There are some basic and notable differences between translations that ought to be recognized.  There are three basic approaches:

1. Formal equivalence. The first method seeks to follow the Greek (or Hebrew) text as closely as possible in a word-by-word pattern.  The strength is found in verbal accuracy. The weakness is its cumbersome and awkward literary style.  (Examples:  KJV, NKJV, NAS, ESV)

2. Functional equivalence. This method is also known as dynamic equivalence, which is the predominant method of modern translations.  It seeks a maximum of fluid reading style with a minimum of verbal distortion. The goal is to produce an accurate rendition of the thoughts or concepts of Scripture.  (Examples:  NIV, NRSV)

3. The paraphrase or free translation. The paraphrase method is an expansion of the functional equivalence method.  (Examples:  New Living Translation, The Message)

The more a translation moves in the direction of paraphrase the more manifest is the danger of distortion.  Though many paraphrases have been helpful introductions to Bible reading, they are not recommended for serious study.


Marginal notes and footnotes have been added to many editions of the Bible. In most cases, these notations are very helpful in terms of cross-reference or defining archaic words or concepts.  Textual variants are also noted.

Be careful with commentary notes.  The commentary notes are not inspired.  Good commentary notes are found in the ESV Study Bible and Reformation Study Bible while the Scofield Reference Bible and others are not so helpful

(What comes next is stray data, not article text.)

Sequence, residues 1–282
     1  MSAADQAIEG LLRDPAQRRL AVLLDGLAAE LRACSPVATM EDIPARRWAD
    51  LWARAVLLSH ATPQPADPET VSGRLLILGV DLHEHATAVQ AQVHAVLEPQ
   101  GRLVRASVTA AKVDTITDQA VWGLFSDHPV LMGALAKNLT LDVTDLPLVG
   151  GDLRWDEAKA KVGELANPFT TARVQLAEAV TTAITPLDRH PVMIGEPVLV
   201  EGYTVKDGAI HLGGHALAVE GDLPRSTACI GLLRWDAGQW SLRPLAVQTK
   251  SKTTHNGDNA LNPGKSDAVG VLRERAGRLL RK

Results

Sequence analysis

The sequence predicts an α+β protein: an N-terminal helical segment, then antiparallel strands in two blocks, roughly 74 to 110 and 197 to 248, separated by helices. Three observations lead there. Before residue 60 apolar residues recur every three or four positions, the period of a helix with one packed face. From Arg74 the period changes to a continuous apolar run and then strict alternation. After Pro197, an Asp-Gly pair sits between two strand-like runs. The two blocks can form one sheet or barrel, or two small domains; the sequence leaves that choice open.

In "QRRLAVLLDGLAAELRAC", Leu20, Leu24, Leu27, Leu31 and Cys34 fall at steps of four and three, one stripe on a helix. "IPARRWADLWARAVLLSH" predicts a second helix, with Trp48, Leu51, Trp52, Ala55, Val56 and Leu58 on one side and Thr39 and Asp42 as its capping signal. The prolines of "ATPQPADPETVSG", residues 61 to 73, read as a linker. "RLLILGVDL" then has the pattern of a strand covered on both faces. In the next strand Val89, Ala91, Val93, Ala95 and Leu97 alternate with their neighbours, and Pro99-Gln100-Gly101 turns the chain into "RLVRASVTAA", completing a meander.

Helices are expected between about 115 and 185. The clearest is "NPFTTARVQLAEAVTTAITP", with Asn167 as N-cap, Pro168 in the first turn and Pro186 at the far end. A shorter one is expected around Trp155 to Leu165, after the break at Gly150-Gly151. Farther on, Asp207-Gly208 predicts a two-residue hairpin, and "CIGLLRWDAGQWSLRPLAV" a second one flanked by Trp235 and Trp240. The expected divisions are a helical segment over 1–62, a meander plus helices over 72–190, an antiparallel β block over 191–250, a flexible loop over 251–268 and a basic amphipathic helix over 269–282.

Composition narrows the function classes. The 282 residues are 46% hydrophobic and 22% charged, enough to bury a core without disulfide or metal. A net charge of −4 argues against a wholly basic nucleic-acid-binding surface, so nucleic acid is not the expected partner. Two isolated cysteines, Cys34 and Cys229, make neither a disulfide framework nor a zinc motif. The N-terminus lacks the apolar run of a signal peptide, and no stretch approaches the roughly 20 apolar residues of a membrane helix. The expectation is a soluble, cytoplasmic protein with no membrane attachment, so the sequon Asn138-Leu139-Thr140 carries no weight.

Translations and commentary. In one sense every translation is a commentary: every translation involves the process of decision making with respect to words and ideas.  As New Testament professor D. A. Carson says, “No translation is perfect.”


Commentaries are an indispensable tool for the student of the Bible. Without the use of competent commentaries I am abusing the principle of “private interpretation” by relying on my own judgment alone for understanding the Scriptures.  Commentaries provide a check and balance to my own prejudicial tendencies.


Every layperson’s “toolbox” should include at least one good concordance, one good Bible dictionary and one good atlas.


Rule 5 for biblical interpretation (see chap. 4) examined the importance of the meaning of words. And there are many excellent resources to help Christians understand the words used in most biblical passages.


There are some great tools available the give access both online and on your computer to get all of the above at your fingertips:

•   Accordance Bible Software by OakTree Software <>

•   Bible Gateway:

•   BibleWorks by BibleWorks <>

•   ESV Online:

•   Logos Bible Software by Logos Research Systems <>

•   PC Study Bible by BibleSoft <>

•   WORDsearch by WOR Dsearch Corp <>